Johnson wins 11th Monster Mile crown with late pass

By Colton Wood

Jimmie Johnson had to travel through quite a bit of traffic, and even go six extra miles, to make some more history.

After starting from the rear of the field following a rear gear change, Johnson made his way up through traffic, was second during the final green-white-checkered restart, then outdueled Kyle Larson to the overtime line before a final wreck froze the field to secure the victory in Sunday’s “AAA 400 Drive for Autism” Monster Energy NASCAR Cup Series race at a sun-splashed Dover International Speedway.

Jimmie Johnson celebrates in Sunoco Victory Lane after winning the “AAA 400 Drive for Autism” at Dover International Speedway on Sunday, June 4. GETTY IMAGES

It was Johnson’s record 11th career victory at the Monster Mile, and the 83rd of his career, tying Cale Yarborough on NASCAR’s all-time list. Yarborough’s likeness was on Johnson’s helmet during the race.

The seven-time Monster Energy NASCAR Cup Series champion joins Richard Petty (Martinsville 15, North Wilkesboro 15, Richmond 13 and Rockingham 11) and Darrell Waltrip (Bristol 12, Martinsville 11) as the only drivers in NASCAR history to win 11 or more times at a single track.

“We had a fast car,” Johnson said. “We had to overcome quite a bit of adversity throughout the day, but still had a great car and honestly, it all came down to a restart and I was able to get the power to the ground. I knew it was going to be extremely tricky on old, hot, worn-out tires and I just got a better restart the way it turned out.”

Johnson, in the Hendrick Motorsports No. 48 Chevrolet, led just seven of the 406 laps overall, but was able to pass Larson on the final restart following a caution on Lap 398 for David Ragan’s accident in Turn 2. Larson, in the No. 42 Chevrolet for Chip Ganassi Racing, led a race-high 241 laps.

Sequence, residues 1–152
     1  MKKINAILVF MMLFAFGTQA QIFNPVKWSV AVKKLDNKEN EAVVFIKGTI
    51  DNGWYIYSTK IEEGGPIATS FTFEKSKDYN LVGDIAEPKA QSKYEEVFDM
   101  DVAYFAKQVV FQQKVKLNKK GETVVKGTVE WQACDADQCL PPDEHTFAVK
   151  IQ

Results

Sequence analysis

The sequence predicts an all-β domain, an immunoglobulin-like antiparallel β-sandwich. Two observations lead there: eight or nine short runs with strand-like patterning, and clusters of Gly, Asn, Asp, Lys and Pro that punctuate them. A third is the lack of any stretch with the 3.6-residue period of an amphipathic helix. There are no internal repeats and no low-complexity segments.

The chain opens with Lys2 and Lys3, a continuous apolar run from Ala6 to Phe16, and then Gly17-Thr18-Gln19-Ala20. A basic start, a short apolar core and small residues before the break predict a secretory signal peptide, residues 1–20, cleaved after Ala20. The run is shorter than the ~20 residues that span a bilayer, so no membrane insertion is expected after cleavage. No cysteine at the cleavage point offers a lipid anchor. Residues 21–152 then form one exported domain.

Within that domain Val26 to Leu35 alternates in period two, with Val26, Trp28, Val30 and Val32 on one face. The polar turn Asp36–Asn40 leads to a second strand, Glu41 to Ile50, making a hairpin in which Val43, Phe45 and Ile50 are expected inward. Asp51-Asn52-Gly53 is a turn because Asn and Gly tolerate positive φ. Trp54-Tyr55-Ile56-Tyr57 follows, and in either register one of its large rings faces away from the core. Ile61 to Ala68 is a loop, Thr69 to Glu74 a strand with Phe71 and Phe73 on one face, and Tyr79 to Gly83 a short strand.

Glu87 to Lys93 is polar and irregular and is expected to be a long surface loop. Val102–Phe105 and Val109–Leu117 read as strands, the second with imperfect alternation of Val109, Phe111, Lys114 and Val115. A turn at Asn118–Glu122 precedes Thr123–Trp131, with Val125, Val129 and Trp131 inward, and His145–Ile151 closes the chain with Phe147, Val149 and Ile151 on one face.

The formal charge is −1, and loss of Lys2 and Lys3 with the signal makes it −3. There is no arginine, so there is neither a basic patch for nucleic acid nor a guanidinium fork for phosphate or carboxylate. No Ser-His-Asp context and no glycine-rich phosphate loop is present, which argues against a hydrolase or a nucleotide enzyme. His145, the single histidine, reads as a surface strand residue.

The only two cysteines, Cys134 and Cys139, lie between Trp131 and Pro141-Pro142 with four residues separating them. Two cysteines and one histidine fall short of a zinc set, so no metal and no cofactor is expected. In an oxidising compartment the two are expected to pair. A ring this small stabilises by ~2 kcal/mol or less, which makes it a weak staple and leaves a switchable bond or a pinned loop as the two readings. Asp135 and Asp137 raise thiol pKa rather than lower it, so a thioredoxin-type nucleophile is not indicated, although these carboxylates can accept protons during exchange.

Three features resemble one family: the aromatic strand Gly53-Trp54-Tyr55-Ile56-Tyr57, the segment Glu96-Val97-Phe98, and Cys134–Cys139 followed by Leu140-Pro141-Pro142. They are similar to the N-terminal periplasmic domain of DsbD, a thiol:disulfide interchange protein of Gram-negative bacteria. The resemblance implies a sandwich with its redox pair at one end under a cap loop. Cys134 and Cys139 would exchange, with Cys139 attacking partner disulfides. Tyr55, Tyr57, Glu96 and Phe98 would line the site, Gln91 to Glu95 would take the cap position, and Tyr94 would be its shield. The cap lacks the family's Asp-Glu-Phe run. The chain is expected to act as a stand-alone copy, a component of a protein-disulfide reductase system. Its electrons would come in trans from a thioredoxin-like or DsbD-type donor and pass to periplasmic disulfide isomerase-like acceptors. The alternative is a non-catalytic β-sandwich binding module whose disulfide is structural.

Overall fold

“[Second-place finishes] are always disappointing, but you got to be proud of the car that your team brought here and proud of the effort I put in,” Larson said. “I feel like that’s as hard as I raced for the lead ever in Cup and almost got the win, so happy how the race went — just would like one spot better.”

Johnson began the day in the back after his crew chief Chad Knaus made the call to switch gears on Saturday night.

“Over the course of my career, I think we only had four or five gear failures,” Knaus said, “and if you really start to look at that, the races that we had at Hendrick Motorsports and what we’ve done, that’s a pretty small percentage. So we’ll take that one on the chin if we need to.”

Monster Energy NASCAR Cup Series points leader Martin Truex Jr. finished third after leading 102 laps at his hometown track. Truex also won the race’s first two stages.

“We had a really good car all day, good track position,” Truex said. It seemed like if we could get the lead, we could drive away from them and hold the lead, but it just didn’t work out for us today.”

Ryan Newman finished fourth and Chase Elliott rounded out the top five.

Polesitter Kyle Busch had a tire miscue on pit road following the first caution on Lap 18 and finished 16th, one lap down.

Several contenders had short days, as Kurt Busch, Brad Keselowski and Ricky Stenhouse Jr. suffered crippling damage from separate accidents and Ryan Blaney broke an axle and finished 33 laps down in 32nd.

Daniel Suarez was the top rookie, finishing a career-high sixth after starting third.

“I love this place,” Suarez said. “This is one of my favorite racetracks for sure. … I just enjoy racing here a lot. It’s one of the places that are very tough for you mentally and physically.”

After the end of Stage 2, Larson reclaimed the lead from Truex after a quick pit stop. With just more than 70 laps left in the final stage, Larson forfeited his lead after making a stop under green.

A number of cars, including rookie Ty Dillon, Newman and Johnson, did not pit under green before Regan Smith brought out a caution on lap 329.

Dillon was the quickest off of pit road and restarted first while many cars took the wave-around after pitting under green.

Dillon led for 27 laps — fighting off Johnson and Larson — before Larson climbed back in front at Lap 361. Larson stayed out front until the final restart, when Johnson made his run to history.

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